Moviegoers and even critics aren’t always interested in interpreting a movie, however. They’ll line up to see Law, Roberts, Owen, and Portman in steamy, intimate situations, and they’ll discuss possible Oscar nominations. Critics will praise the film for its audacity and intensity. Like Closer’s characters, many will be disappointed, and some may even “break up” with the film halfway through. Most will fail to notice (or avoid acknowledging) the troubling truth it reveals. Like the scene in which arts patrons praise Anna’s photograph of the heartbroken Alice, they will say “marvelous” and “compelling,” whiling ignoring the truth the image communicates.

The film earns some of that praise. Roberts makes Anna subtle, complicated, and burdened with conscience. Law (in his fourth of six 2004 performances!) turns Dan into an egotistical monster with the emotional maturity of spoiled child. Most famous for her monotone performance in the Star Wars prequels, Natalie Portman revels in the role of Alice, who conceals her dying heart behind a façade of carefree sexuality; this ensures Portman will hereafter be treated as a “serious actor”—and as a sex object.

Owen, whose talents were wasted in the shallow action epic King Arthur, earns our sympathy (temporarily) as a misbehaving doctor who tries to better himself as a responsible husband. His transformation from enthusiastic newlywed to devastated cuckold is painfully convincing. And his ensuing wrath, which drives him to eviscerate not only his spouse but her lover as well, will tweak the conscience of many who have suffered such betrayals. Lecturing Dan on relational warfare, he describes the human heart as looking like “a fist, soaked in blood.”

Nevertheless, Nichols and Farber have transferred the play to the screen without imagination. The non-stop dialogue is better suited to the stage. In the realism of a film, the characters seem to speak too intelligently, at times too poetically, and sometimes just too much. “Talky” films have always been Nichols’ specialty, from Who’s Afraid of Virginia Woolf? to Carnal Knowledge to his recent, award-winning HBO films. But Closer lacks the thoughtfulness of Wit, the situational comedy of The Graduate, the exaggerated personalities of Primary Colors and The Birdcage, and the sympathetic characters of Angels in America. The wordy wickedness becomes wearying.

Closer isn’t a film I’d eagerly recommend, just as you wouldn’t want to pay for the privilege of examining that diseased smoker’s lung. Dan, Alice, Larry, and Anna behave so badly, many viewers will ask (to borrow another Nichols film title) “What Planet Are You From?” Here’s a heavy caution: Scenes set in a strip club may be, for many, an unhealthy distraction (or worse), even though these scenes, taken in context, reveal the emptiness and sickness of loose sexual behavior. If you are one of the Christianity Today readers who aims to avoid foul-mouthed characters, steer clear of this film — the R-rated language employs every obscenity and expletive in the book, loudly and viciously, several times over. Divided lovers interrogate each other with graphic specificity.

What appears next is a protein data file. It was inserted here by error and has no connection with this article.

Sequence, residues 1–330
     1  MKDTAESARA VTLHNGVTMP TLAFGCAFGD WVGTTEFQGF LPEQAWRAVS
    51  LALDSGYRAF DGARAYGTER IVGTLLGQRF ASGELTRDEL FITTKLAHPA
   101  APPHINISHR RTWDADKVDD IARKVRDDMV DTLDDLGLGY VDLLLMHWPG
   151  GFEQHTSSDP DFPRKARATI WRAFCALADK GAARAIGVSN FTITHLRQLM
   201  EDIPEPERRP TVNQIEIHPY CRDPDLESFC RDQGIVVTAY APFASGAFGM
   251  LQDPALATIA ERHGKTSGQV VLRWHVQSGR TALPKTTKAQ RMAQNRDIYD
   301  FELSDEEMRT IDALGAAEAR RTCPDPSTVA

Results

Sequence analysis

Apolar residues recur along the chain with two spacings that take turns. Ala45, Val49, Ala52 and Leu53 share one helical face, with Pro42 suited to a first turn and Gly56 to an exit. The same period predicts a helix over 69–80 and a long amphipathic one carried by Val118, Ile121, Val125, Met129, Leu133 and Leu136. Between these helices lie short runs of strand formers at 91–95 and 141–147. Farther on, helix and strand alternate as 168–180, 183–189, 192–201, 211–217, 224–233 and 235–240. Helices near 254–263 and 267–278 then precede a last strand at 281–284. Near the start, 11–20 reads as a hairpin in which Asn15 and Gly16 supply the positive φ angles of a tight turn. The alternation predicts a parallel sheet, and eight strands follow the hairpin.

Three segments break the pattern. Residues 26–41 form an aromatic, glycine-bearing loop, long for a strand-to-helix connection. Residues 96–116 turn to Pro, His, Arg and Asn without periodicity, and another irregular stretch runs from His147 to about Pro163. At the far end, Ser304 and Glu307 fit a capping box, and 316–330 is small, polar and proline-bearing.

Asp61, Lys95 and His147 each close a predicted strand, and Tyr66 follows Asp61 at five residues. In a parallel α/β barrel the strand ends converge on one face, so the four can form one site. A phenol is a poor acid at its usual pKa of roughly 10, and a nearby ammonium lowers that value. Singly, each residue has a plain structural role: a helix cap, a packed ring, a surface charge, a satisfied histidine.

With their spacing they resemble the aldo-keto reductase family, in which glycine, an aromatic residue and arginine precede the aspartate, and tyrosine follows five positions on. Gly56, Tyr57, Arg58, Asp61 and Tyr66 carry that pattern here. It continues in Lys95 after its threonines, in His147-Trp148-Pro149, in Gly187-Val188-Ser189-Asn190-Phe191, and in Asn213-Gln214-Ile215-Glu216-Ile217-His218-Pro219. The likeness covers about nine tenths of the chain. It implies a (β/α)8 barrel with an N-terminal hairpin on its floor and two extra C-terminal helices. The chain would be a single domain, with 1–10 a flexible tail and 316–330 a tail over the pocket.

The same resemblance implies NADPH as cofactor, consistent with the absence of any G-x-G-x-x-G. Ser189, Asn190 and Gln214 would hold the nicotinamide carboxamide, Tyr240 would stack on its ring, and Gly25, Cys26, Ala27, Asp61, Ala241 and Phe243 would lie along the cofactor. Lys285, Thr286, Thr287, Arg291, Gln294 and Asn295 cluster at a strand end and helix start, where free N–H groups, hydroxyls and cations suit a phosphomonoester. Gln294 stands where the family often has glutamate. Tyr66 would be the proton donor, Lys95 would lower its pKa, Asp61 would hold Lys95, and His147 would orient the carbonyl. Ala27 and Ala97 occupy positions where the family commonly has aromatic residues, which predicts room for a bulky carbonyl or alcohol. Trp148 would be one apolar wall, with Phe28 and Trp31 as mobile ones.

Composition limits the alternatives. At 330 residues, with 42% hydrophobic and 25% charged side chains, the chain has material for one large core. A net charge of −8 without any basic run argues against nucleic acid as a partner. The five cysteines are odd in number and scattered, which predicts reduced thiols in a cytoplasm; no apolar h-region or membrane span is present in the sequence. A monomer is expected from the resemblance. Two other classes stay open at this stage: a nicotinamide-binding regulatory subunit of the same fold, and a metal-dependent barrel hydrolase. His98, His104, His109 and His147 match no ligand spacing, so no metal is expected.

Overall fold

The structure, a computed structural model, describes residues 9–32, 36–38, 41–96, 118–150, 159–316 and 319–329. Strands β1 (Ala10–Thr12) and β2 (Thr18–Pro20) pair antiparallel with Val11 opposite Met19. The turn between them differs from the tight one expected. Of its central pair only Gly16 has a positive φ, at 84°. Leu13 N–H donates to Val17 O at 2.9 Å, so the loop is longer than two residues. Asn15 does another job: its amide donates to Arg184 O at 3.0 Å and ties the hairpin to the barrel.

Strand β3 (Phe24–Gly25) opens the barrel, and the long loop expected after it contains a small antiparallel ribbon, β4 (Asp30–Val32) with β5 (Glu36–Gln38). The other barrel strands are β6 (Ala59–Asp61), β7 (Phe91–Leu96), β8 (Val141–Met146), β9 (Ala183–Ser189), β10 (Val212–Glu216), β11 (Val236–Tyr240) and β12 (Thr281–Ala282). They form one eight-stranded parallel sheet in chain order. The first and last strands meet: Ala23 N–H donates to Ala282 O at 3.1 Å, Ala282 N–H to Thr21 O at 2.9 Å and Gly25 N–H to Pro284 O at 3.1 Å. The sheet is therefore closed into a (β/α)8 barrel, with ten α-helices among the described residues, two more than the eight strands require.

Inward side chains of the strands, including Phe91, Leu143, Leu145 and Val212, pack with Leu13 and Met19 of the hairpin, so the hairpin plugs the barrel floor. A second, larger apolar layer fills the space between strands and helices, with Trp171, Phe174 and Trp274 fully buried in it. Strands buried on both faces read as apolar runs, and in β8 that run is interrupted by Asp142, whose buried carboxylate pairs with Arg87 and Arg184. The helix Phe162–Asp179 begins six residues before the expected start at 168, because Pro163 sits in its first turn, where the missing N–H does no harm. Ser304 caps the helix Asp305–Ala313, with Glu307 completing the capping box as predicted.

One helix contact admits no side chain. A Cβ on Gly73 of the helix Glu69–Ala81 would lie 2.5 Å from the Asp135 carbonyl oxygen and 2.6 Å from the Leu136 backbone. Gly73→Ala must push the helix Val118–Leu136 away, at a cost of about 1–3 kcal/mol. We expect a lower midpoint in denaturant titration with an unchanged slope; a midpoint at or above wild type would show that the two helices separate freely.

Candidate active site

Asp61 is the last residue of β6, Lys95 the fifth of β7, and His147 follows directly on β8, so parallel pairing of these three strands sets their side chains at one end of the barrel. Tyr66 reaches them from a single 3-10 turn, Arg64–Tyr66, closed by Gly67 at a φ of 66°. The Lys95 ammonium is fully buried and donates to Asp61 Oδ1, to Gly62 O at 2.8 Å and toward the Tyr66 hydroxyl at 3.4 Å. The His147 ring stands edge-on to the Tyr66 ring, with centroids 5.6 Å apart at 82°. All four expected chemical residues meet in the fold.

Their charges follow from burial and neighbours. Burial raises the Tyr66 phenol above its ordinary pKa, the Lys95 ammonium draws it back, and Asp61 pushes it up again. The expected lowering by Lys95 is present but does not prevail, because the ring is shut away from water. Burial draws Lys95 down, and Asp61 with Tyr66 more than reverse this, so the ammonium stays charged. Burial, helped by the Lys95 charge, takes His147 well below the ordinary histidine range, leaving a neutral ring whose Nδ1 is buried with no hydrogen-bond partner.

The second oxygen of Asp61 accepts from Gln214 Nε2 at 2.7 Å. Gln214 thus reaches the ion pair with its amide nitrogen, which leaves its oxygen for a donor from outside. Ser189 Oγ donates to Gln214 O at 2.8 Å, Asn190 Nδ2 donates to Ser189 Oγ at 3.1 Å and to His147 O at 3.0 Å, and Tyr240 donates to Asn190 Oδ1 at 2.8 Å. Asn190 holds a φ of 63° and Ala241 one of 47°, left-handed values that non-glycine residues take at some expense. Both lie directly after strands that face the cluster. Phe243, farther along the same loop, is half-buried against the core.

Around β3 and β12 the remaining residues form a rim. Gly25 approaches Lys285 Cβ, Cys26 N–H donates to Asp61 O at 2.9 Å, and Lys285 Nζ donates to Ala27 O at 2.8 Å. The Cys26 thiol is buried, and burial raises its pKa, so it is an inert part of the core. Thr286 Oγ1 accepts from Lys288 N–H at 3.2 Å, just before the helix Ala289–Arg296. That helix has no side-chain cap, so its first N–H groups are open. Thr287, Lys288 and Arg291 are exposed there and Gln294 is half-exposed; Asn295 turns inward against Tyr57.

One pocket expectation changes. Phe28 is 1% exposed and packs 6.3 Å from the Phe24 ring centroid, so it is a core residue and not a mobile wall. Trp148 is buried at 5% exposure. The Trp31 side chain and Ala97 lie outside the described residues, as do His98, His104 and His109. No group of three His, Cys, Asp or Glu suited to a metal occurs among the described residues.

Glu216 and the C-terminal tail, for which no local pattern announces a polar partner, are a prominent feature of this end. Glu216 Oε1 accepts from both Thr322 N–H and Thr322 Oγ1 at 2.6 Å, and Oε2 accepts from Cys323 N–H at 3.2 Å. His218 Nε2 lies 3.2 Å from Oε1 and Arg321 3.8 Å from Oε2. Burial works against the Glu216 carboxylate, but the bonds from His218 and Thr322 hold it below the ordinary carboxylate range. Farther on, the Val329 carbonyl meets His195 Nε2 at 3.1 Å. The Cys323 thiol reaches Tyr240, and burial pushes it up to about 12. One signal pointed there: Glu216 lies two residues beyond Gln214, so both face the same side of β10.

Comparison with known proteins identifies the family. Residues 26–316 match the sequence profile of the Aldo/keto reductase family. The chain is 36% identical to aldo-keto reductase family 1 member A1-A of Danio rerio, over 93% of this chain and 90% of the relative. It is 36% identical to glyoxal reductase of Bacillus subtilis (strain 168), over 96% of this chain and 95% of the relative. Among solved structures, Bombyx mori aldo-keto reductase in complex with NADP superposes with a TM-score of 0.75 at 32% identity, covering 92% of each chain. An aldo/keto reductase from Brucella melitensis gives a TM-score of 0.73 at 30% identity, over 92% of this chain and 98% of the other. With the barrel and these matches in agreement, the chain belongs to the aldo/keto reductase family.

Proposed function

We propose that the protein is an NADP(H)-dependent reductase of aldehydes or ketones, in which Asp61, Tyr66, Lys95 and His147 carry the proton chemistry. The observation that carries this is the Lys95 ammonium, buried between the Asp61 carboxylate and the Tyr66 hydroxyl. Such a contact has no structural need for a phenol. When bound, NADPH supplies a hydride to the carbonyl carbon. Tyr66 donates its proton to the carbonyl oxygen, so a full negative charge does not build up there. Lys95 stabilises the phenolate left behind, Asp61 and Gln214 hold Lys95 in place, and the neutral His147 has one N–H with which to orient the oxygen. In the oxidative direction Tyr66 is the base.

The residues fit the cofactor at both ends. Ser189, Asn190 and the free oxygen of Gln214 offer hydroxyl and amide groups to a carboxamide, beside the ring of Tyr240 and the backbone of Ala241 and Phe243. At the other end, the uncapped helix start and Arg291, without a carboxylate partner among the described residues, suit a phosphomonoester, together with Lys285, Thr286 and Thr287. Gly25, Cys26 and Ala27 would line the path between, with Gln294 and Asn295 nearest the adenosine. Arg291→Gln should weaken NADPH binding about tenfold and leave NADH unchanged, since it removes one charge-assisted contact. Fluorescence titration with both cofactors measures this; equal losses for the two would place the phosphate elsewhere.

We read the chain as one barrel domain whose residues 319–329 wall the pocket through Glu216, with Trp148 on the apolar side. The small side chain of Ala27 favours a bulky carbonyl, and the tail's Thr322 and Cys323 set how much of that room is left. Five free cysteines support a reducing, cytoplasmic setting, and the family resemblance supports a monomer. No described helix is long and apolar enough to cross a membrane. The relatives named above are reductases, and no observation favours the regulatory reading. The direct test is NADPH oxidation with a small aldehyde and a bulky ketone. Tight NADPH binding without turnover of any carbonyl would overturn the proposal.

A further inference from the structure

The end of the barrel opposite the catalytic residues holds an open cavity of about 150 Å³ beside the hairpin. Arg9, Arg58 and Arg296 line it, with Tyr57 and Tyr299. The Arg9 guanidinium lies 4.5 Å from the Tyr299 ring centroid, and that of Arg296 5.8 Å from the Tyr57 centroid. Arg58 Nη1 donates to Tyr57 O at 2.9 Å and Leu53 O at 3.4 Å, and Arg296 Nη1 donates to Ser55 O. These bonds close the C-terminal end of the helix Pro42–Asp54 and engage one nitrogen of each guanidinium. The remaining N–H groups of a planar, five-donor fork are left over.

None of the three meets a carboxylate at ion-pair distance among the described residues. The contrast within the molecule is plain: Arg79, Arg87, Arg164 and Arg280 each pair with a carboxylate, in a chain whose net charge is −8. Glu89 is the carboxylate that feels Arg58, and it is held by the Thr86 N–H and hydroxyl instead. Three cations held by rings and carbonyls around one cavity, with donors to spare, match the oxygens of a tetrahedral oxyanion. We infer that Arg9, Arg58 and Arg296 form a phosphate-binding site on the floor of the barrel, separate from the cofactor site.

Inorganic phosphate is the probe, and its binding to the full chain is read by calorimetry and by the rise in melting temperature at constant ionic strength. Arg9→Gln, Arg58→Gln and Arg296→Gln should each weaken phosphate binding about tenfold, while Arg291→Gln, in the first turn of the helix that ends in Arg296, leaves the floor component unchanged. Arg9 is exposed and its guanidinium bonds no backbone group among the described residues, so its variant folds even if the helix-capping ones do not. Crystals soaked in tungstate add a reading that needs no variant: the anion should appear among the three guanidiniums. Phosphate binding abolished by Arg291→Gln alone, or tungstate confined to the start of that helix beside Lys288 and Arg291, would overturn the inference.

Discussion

But just as we should be glad that the smoker’s lungs are posted on that billboard, so we should be glad that this film speaks the messy truth to those who do see it. It is not a film to be flatly condemned or disregarded. For those deceived by the seductive glamour of tabloid personalities, this could be a nasty wake-up call. It might make people hesitate before hooking up over the Internet or fooling around behind their spouse’s back. Like its literary cousin Dangerous Liaisons, this drama about lovers is resolutely unromantic and uninspiring, and nobody would describe it as (to use a popular term among Christianity Today readers) “wholesome.” But it shares the redeeming virtue of Dangerous Liaisons: in showing us so much unpleasantness and the wages of those sins, it shows us the necessary truth about what happens to “love” outside the bounds of accountability.

Closer could have given us a fuller understanding of love if it had given us even a glimpse of a character with some integrity. But the consequences of wrongdoing serve as a strong signpost here, directing us away from danger. In U2’s song “A Man and a Woman,” Bono makes a pledge to his beloved: “I could never take a chance / of losing love to find romance.” These characters take that chance. And they pay the price.